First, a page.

Everybody’s immune system has unique characteristics, and that can influence how people may respond to a vaccine. What people are experiencing can be multifactorial. It can be a function of what else is going on in their lives. Maybe they’re more tired or stressed, or maybe they had another recent infection that their immune system is already responding to.

Age also can play a role. In larger COVID-19 vaccine studies, people below the age of 55 tended to have more reactions like fever, fatigue, headache, and muscle aches, and that may have to do with how vigorous the immune system is. As you get older, your immune system tends to quiet down a bit.

With this current vaccine, what we are hearing is that for the vast majority on a large population level, the side effects are on par with previous doses and people aren’t feeling any worse from the updated shot.

It’s also important to remember that we are in flu season, along with other respiratory viruses circulating in addition to COVID-19. If symptoms last longer than a day or two, people may think the vaccine is the reason they’re getting sick or testing positive for COVID, but it’s likely a separate infection or they’re developing symptoms concurrently.

Do more vaccine symptoms mean more protection?
I’d caution against the idea that there is no protection if there is an absence of symptoms like pain, mild fever, or fatigue.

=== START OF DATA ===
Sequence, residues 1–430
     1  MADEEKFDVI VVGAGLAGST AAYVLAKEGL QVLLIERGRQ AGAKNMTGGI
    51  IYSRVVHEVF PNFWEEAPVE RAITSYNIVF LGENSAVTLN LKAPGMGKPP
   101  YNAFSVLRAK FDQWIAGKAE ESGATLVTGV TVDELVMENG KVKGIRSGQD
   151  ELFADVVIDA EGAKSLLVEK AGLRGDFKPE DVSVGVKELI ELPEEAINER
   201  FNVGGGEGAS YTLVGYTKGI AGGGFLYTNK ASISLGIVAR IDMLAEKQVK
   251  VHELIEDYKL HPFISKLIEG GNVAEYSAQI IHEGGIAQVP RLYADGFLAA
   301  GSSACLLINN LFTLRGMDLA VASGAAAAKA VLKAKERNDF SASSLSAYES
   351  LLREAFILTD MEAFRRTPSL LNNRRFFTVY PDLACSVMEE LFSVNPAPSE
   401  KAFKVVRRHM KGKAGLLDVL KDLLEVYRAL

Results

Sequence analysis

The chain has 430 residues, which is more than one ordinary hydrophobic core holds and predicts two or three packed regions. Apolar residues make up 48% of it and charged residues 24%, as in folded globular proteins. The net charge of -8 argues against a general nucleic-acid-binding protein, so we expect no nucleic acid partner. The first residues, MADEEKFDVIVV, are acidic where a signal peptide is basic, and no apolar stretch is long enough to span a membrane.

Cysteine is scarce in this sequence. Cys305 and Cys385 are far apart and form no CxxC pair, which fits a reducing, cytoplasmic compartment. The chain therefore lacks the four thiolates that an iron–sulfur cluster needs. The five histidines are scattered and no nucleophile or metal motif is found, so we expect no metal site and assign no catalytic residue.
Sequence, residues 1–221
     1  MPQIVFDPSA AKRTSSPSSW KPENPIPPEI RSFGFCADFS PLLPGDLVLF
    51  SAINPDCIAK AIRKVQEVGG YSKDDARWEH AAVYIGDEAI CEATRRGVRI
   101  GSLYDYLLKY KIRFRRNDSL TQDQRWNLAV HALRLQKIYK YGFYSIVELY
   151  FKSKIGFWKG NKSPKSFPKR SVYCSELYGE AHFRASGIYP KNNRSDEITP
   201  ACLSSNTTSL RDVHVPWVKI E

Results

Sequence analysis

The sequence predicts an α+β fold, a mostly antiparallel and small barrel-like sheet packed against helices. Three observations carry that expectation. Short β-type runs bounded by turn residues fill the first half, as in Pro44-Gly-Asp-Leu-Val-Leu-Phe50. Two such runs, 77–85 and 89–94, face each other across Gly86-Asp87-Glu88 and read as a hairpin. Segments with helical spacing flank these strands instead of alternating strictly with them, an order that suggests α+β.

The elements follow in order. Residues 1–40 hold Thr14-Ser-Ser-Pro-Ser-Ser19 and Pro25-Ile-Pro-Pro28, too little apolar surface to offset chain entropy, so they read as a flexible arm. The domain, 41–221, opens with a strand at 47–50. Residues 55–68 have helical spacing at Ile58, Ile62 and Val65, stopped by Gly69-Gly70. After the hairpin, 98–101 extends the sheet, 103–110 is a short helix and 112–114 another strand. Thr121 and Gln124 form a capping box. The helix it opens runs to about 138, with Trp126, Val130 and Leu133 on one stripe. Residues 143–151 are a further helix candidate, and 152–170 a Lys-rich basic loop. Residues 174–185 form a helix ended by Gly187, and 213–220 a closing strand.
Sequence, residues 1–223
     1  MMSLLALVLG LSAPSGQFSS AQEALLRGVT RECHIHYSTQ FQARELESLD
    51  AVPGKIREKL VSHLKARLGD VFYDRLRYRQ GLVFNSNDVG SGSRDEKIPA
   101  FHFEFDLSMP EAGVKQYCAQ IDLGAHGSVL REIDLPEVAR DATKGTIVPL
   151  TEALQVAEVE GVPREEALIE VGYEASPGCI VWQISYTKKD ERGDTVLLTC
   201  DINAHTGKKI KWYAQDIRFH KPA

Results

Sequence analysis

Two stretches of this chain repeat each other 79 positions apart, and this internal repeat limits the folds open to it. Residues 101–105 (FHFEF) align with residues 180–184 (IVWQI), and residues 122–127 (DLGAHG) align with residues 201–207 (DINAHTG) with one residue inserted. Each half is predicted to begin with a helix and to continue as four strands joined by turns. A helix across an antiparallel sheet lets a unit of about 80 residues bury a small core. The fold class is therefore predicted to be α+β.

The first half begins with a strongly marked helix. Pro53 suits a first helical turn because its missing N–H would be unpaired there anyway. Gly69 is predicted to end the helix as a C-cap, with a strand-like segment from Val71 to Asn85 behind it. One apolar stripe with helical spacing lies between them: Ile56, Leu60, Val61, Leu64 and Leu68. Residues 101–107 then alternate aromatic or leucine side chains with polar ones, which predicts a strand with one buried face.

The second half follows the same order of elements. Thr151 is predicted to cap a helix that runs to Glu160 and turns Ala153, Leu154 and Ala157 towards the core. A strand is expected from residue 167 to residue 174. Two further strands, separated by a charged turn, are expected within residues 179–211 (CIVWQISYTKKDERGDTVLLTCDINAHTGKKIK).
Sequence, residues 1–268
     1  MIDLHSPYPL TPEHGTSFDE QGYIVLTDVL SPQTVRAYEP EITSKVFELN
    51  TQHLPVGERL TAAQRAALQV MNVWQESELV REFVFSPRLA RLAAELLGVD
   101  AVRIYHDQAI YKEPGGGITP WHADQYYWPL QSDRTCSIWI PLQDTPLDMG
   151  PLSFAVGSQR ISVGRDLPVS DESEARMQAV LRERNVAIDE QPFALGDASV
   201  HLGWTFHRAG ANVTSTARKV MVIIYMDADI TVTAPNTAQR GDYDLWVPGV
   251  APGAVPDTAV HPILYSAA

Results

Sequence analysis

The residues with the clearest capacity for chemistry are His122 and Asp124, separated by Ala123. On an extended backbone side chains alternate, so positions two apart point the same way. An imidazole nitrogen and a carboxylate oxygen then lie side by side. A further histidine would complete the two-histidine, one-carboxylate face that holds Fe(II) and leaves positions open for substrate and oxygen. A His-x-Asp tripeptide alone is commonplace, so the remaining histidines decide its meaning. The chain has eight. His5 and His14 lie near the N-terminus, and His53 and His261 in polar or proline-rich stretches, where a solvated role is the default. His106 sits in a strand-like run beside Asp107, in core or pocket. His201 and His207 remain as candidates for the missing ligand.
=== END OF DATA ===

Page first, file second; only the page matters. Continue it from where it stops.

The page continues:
There are some studies that show that people have higher antibody levels when they have strong symptoms after vaccination, but the majority of people make antibodies after the vaccine. The differences that we see are not substantial enough to make us worry about lack of protection.

Should you take a pain reliever before the vaccine to prevent any symptoms?
I don’t recommend taking a pain reliever like ibuprofen or acetaminophen prior to the vaccine as a standard process, but would rather someone take one afterward if they’re feeling any pain or headache.

How can you treat COVID-19 vaccine side effects at home?

  • Stay hydrated and drink lots of fluids one to two days after getting the vaccine.
  • Get plenty of rest.
  • For arm pain or swelling, move your arms frequently after getting the vaccine, and keep it elevated to ease discomfort.
  • Take a pain reliever for headache, pain, or muscle aches.
  • Apply a cool, wet washcloth or ice pack over the injection site to help relieve any pain.

When should someone see a doctor if they’re experiencing any vaccine-related symptoms?
Typically, someone can expect to experience symptoms for a day or two. But if the pain isn’t going away or it’s getting worse after that time frame, get in touch with a healthcare provider.

Allergic reactions are very rare, but if someone has trouble breathing, persistent pain or pressure in their chest after getting the vaccine, they should contact their physician.

Magdalena Sobieszczyk, M.D., is the chief of the Division of Infectious Diseases at NewYork-Presbyterian/Columbia University Irving Medical Center and is the Harold Neu professor of infectious diseases in medicine at Columbia University Vagelos College of Physicians and Surgeons. Dr. Sobieszczyk is also a clinical virologist and the principal investigator of the Columbia Collaborative Clinical Trials Unit, funded by the National Institutes of Health, which has been advancing the science of infections like SARS-CoV-2 and HIV.